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Hurricane Irma Storms Through South Florida – UPDATES

Hurricane Irma Storms Through South Florida – UPDATES

Social media covers “negative surge”, looting, and abandoned pets.

https://twitter.com/GMA/status/906951324276682754

(Updates added to end of post)

The nation’s eyes are on Florida this weekend, as Hurricane Irma storms through the Sunshine State.

Once rated as a Category 5 tempest, Irma has expended enough energy buffeting the coast that it now “merely” meets Category 3 criteria.

Hurricane Irma bludgeoned Florida on Sunday, snapping trees like matchsticks and turning Miami streets into rivers.

And there’s plenty more damage to come.

Naples and Marco Island will endure some of the strongest winds in the next few hours, the National Hurricane Center said.

Irma, now a Category 3 hurricane, is bringing 120 mph winds as it hugs the southwest Florida coast.

Even more dangerous than the powerful winds could be the storm surges that threaten to swallow Florida’s coastal cities.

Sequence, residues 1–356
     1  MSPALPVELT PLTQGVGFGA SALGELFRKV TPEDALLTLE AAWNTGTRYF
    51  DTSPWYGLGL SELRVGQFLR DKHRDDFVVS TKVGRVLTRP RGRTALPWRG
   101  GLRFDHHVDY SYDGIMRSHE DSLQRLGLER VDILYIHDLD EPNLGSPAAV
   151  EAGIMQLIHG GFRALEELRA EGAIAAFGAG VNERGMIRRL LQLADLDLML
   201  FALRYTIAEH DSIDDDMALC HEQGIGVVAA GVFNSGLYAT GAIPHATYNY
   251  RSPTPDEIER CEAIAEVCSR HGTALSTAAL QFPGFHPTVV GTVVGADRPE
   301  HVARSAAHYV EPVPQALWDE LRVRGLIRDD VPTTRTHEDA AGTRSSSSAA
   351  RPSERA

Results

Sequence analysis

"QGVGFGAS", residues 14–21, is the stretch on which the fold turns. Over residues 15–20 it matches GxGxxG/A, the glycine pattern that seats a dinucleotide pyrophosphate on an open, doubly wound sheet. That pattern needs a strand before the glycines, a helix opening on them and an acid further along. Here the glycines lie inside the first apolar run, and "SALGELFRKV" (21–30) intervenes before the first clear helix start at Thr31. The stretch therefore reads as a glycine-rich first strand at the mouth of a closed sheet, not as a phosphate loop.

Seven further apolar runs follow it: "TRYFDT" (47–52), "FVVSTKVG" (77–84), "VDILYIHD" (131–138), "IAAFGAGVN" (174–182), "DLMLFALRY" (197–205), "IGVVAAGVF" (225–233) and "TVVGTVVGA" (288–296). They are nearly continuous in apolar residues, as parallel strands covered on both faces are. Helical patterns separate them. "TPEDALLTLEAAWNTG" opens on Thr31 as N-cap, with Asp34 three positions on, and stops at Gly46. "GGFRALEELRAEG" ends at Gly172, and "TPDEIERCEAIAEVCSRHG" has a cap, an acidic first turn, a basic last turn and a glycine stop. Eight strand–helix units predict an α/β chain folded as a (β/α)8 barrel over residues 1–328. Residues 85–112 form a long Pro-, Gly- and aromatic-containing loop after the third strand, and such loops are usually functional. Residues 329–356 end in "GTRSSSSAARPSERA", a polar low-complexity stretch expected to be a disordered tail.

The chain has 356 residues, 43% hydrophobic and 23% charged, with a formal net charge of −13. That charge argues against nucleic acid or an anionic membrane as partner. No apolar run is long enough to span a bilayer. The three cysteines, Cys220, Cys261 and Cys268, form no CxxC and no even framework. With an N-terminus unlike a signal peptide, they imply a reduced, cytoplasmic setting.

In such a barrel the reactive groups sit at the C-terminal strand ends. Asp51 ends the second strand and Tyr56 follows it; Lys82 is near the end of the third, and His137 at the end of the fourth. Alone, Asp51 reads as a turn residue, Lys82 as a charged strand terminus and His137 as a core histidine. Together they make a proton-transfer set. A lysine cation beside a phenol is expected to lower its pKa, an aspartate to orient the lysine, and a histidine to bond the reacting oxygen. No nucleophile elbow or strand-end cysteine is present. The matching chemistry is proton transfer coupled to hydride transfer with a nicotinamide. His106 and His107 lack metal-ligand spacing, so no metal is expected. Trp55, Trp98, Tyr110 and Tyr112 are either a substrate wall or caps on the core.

“The threat of catastrophic storm surge flooding is highest along the southwest coast of Florida, where 10 to 15 feet of inundation above ground level is expected,” the hurricane center said. “This is a life-threatening situation.”

Social media has been keeping apace with the storm. Interestingly, the phenomenon of “negative surge” was documented as people monitored the beach areas as Irma headed their way.

Basically, Hurricane Irma is so strong and its pressure is so low, it’s sucking water from its surroundings into the core of the storm. It happened in the Bahamas on Friday and Saturday, and now it’s happening on the Gulf Coast of Florida on Sunday.

On Saturday, the wind on Long Island in the Bahamas was blowing from southeast to northwest. So on the northwest side of the island, water was getting pushed away from the shoreline.

It also may have been experiencing the effects of what I call the hurricane “bulge.” In the center of the storm, where there is extreme low pressure, water is drawn upward. Low pressure is basically a sucking mechanism — it sucks the air into it, and when it’s really low, it can change the shape of the surface of the ocean. As the storm draws water toward the center, it gets pulled away from the surroundings.